My partner is away for a few days, so life is just that little bit more orderly. When there’s another adult here it all feels so spacious. One child wants to go out? No problem, there’s still another parent around for the others. Since we’re both pretty much in charge of the hours we work when we’re at home, there’s a lot of flexibility. When it’s just me, there are inevitably some more complicated moments, where meeting everyone’s needs is challenging.
It was in this context today that I was reminded of a thoughtful blogpost I read a couple of months ago. The writer was talking about how to look for win-win solutions in situations that initially seem doomed to make one party unhappy. So, whereby conventional parenting wisdom might be to insist on children doing things they don’t want to do, her point of view was that it’s possible to respect their autonomy and choices and still keep the family peace. All that’s needed is some trust, empathy and creative thinking.
So, this morning we were going to walk down to the local dog shelter. It’s a great place, where cheerful volunteers pair visitors up with enthusiastic dogs who need a walk and some loving attention. The children have all wanted a dog for a long time, so although there’s an obvious danger of us falling in love with one of the shelter’s residents, it also seems like an excellent way to gain some understanding of the ins and outs of looking after a real dog. Last week we took our new friends Dingo and Floki for a long stroll. It turned into an exploration of a part of our town that we’d never visited before and, besides enjoying these little dogs’ happy company, there was the added bonus of coming across some restored Roman ovens from the first century AD. Who’d have known.
Our plan today was to take two or three dogs for a long walk and then stay to help the volunteers give everyone their lunch. It all felt fairly definite until one of my sons decided he didn’t want to go. His reasons were completely understandable. He didn’t want to annoy or disappoint anyone, but he hadn’t quite understood the plan and how long the excursion would take. He was engrossed in something else and this just wasn’t something he wanted to do. If his dad were here, there would have been no problem at all. He would have stayed at home doing his thing while the rest of us went out. Unfortunately, that couldn’t work today.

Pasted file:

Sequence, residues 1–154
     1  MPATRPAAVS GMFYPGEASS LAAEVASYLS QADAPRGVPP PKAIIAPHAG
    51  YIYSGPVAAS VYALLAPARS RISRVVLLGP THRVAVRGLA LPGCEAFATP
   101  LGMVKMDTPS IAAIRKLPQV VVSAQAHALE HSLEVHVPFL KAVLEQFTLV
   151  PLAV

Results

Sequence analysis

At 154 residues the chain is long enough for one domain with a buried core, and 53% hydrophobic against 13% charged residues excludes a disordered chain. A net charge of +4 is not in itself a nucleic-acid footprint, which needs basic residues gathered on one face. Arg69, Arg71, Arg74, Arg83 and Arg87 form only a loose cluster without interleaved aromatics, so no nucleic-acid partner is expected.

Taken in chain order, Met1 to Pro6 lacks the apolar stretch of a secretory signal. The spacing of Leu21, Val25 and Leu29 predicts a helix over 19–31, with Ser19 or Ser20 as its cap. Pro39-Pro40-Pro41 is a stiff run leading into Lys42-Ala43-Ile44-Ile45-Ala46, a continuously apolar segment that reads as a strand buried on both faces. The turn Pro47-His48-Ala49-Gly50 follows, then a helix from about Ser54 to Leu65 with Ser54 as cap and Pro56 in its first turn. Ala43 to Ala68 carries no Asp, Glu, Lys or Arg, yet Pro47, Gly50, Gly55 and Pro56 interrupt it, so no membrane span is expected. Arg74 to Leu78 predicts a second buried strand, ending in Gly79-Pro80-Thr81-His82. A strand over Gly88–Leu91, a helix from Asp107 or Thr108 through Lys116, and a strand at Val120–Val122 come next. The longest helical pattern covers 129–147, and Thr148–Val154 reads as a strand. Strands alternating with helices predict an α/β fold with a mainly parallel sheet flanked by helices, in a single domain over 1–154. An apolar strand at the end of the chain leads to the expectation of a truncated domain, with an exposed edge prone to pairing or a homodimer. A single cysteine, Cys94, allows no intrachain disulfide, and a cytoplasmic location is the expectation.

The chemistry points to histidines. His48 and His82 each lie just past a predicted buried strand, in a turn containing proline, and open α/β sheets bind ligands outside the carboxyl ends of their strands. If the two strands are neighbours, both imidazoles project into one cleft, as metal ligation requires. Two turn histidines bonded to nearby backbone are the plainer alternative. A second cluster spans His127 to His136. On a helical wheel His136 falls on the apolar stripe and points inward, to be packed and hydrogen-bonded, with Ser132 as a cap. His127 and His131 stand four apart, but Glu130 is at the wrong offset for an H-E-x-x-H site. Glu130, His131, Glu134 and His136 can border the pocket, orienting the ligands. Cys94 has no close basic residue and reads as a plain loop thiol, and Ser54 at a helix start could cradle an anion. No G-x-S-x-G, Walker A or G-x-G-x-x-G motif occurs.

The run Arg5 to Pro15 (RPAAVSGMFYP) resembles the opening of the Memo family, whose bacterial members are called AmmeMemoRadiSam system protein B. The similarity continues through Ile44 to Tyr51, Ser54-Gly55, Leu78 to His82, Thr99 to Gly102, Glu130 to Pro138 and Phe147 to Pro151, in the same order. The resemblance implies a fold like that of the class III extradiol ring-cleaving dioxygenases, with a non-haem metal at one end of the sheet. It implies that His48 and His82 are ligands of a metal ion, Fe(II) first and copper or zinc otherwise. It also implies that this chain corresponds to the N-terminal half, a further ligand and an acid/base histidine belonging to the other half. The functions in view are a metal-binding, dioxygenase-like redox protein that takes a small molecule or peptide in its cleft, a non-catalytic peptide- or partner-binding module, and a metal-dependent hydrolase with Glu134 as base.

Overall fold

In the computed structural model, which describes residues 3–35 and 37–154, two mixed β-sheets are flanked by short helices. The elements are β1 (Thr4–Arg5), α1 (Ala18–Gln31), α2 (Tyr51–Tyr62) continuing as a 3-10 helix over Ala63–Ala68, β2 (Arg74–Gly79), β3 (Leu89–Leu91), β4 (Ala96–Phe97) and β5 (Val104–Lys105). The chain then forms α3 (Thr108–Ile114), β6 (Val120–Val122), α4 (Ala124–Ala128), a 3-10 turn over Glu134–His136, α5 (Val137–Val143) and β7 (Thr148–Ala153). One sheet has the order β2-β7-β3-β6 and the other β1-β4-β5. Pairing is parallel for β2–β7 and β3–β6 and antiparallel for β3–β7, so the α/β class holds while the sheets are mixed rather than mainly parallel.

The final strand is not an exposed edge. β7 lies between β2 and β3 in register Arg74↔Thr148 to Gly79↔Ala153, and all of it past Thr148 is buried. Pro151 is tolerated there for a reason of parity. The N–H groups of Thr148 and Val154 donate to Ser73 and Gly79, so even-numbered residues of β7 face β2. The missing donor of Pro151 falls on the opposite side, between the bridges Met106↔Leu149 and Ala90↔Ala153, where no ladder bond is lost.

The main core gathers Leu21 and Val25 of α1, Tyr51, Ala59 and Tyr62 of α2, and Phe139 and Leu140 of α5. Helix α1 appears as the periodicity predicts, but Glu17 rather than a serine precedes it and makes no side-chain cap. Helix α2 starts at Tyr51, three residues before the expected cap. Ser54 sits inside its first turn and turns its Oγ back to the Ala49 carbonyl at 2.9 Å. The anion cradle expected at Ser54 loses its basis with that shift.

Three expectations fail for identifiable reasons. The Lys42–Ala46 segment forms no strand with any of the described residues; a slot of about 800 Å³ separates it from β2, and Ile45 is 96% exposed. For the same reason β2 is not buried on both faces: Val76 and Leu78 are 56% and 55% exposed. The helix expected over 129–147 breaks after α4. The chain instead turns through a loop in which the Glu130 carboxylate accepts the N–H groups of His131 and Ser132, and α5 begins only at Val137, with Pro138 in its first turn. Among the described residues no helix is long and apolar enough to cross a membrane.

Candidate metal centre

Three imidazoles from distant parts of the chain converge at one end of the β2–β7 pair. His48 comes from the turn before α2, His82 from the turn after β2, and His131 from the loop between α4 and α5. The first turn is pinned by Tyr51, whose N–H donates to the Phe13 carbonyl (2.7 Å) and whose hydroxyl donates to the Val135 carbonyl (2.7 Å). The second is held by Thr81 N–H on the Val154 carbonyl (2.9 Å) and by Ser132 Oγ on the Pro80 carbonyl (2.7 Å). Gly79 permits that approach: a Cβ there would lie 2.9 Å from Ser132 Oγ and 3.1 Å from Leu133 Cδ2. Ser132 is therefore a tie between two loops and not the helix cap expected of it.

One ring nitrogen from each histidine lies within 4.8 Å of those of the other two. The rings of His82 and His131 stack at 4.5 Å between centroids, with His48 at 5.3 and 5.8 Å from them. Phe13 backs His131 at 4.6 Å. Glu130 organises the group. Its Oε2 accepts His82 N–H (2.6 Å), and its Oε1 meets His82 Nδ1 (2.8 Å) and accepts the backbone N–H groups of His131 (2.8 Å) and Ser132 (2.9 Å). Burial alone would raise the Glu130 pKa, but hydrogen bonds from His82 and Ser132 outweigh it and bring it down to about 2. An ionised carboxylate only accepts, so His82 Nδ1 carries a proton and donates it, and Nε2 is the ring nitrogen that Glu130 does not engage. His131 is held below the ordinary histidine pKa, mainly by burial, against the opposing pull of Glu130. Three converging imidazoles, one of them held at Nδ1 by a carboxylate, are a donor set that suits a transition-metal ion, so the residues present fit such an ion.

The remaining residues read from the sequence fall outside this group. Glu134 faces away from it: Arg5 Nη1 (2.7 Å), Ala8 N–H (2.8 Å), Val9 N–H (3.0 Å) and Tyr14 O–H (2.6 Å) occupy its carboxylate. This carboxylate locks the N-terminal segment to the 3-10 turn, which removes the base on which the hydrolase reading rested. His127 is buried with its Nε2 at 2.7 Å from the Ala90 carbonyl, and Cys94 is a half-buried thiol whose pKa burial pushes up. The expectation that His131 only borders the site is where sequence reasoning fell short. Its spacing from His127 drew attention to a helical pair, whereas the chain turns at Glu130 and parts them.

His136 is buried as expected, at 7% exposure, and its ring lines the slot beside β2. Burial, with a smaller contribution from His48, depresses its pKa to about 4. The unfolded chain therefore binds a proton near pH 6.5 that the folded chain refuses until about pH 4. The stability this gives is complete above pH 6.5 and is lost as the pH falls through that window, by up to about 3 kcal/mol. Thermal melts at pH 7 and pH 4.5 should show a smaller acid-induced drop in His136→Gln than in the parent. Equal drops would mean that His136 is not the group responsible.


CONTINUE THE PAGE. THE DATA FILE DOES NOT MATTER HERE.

I admit that when these things happen—and they sometimes do when it’s me holding the fort—my first sense is definitely that it’s a win/lose situation. There’s an old narrative that just pops up in my head. It says that one person won’t play ball and everyone else is losing out.
So, for a little while today, I was lost. There was a lot of disappointment and some frustrated tears as the two whose plan had been derailed felt like they were most definitely losing out. I sat and listened to their anger, whilst thinking of a way to work this out that didn’t include dragging someone along against his will. Just then, my son who didn’t want to go dog-walking came up to his brother and sister and suggested some fun things they could do this evening instead. He was clearly feeling bad for them and was seeing if he could make things okay without having to go along with the trip. The mood softened, everyone got creative and within a couple of minutes, the three had made an alternative plan together. We would go to the dog shelter on Friday when their dad would also be around, and today, instead of a long trip out, we would buy some tasty things, pack a picnic and eat lunch on the hill just behind the house.
The new plan was flawless. We popped down to the bakery, then headed up to laze on the hill in the bright sunshine, munching sandwiches and looking out at the view. Everyone was happy to be there. Two of our cats came to join us and there was some unexpected drama as the children saved a little mouse from the strong jaws of our youngest cat. He’s a loving little creature but also a ferocious hunter. It wasn’t the plan we had originally made, but it turned out just as well.
Of course, there are always going to be times when it’s impossible to change a plan and you really need everyone to just come along. Journeys, appointments, other people’s timetables—these often don’t leave space for flexibility and changing moods. But many other times, a plan really can be changed. So long as the adults can embrace the idea that there’s no inherent danger in this, there’s a big possibility that children can figure out the win/win themselves. And today, as they let go of the original plan and figured out other ways to make the day work and still go dog-walking this week, it occurred to me what a great lesson in life these moments of empathetic negotiating are. In fact, it’s probably a bigger lesson for the parents, steeped as we are in the idea that when one person wins, someone else inevitably loses. If we followed their lead, we might have a more equitable world, where power dynamics take second place to empathy and the search for common ground.